The information in this website is intended only for healthcare professionals. By entering this site, you are confirming that you are a healthcare professional.
The information in this website is intended only for laboratory professionals. By entering this site, you are confirming that you are a laboratory professional.
When a patient’s symptoms and clinical presentation offers a wide range of diagnostic possibilities, such as an IgE-mediated allergy or an autoimmune disease, test results can be a valuable tool in helping confirm the diagnosis. Together with the case history, serological testing can help you bring clarity to an uncertain diagnosis and provide clear results that are easy to interpret and explain to patients.
Why Testing Is Important
Diagnosis based solely on physical examination, clinical observation, and patient history may result in an inaccurate or incomplete diagnosis. But adding diagnostic testing to aid in a differential diagnosis has been shown to increase confidence in diagnosis to 90 percent.1,2
Diagnostic testing can also help to improve the patient’s quality of life and productivity, reduce costs associated with absenteeism, optimize use of medication, in addition to decreasing unscheduled healthcare visits and lower medication costs.3-5
IgE antibodies appear in human serum and plasma as a result of sensitization to a specific allergen. While clinical presentation and patient history may offer numerous possible causes of symptoms, diagnostic testing can narrow those possibilities and improve confidence in a diagnosis,1,2 enabling you to provide treatment tailored to your patient’s individual needs.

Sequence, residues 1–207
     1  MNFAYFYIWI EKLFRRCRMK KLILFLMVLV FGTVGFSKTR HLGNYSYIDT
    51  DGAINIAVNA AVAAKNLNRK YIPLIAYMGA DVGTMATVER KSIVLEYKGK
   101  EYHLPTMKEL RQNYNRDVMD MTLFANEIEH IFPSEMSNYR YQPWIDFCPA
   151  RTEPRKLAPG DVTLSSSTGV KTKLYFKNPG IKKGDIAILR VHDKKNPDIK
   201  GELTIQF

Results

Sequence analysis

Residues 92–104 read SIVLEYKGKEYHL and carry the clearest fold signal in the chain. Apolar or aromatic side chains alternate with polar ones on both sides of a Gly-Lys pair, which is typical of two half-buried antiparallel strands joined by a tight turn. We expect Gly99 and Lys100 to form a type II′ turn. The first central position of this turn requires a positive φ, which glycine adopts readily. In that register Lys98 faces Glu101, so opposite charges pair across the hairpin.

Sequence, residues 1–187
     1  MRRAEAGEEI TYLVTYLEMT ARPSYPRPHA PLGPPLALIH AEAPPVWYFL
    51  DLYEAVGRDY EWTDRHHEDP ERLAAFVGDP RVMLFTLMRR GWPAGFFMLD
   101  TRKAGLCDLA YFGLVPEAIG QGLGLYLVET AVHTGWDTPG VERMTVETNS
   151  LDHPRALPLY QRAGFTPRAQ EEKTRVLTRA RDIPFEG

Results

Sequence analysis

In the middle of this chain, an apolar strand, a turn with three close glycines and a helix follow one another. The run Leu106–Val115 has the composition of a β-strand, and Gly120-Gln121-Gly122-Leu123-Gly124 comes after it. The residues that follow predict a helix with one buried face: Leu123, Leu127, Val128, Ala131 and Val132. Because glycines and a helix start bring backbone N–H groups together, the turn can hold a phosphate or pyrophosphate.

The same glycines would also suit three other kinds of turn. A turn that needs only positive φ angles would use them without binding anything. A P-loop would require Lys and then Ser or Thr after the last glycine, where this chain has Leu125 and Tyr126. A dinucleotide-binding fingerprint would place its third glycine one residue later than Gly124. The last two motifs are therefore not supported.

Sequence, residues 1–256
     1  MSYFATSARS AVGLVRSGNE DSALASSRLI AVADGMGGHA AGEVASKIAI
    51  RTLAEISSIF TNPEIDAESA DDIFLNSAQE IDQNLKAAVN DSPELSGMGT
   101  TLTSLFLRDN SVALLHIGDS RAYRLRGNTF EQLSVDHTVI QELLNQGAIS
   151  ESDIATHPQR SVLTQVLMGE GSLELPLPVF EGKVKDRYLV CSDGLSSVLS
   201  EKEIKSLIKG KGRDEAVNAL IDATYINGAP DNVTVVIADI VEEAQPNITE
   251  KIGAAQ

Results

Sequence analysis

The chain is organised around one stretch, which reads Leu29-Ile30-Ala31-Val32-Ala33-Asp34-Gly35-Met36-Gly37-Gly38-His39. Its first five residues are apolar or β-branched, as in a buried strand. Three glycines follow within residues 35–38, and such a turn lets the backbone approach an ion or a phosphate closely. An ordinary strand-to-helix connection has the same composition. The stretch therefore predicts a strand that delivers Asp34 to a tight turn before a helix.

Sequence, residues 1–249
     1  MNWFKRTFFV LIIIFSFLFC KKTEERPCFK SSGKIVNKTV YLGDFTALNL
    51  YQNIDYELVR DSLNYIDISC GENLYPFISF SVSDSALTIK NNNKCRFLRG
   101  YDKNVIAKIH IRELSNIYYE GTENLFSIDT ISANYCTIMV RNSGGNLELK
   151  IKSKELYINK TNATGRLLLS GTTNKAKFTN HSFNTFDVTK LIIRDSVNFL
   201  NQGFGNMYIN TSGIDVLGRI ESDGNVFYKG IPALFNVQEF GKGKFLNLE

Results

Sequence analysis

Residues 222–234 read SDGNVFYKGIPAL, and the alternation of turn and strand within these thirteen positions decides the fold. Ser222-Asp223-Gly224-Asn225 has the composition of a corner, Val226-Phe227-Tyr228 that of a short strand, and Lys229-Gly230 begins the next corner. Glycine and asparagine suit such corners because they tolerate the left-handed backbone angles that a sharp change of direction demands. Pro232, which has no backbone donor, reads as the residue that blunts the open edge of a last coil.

Measurement of circulating IgE antibodies provides an objective assessment of sensitization to an allergen. In general, low IgE antibody levels indicate a low probability of clinical disease, whereas high antibody levels to an allergen show good correlation with clinical disease.8
A standard blood test is convenient—and can test your patients for more than 550 whole allergens and mixes, such as weeds, trees, grasses, pollen, food, and animal dander. Tests are simple to perform, and can be done irrespective of age, skin condition, antihistamine use, or pregnancy.9-12
The stability or lability of the protein, and the amount of it contained within the allergen source, are two highly important contributing factors.
Stability: Protein families of components present in plants are ranked by their stability. The degree of stability is shared within a protein family. For instance, the families of storage proteins are very stable proteins. Proteins within the profilin and PR-10 families on the other hand, are more labile proteins.15
Lability: Labile proteins are easily broken down by processing, cooking or by enzymes in the saliva or gut, and will therefore primarily give rise to local reactions when ingested. Stable proteins, on the other hand, will reach the circulation in a more or less intact form and therefore potentially give rise to systemic reactions.15
Cross-reactive proteins are more widely distributed and may be shared between a very wide range of allergen sources. Understanding cross-reactions between species can help you to understand multiple sensitizations, for example, those seen in pollen food allergy syndrome (PFAS).
There are more than 120 types of autoimmune diseases,19 and some have similar symptoms. Inflammation is the most common trait, but presentation can vary widely from one condition to another, and even within the same disease. Because these conditions tend to affect multiple systems, their symptoms can be misleading, which slows down the process towards an accurate diagnosis.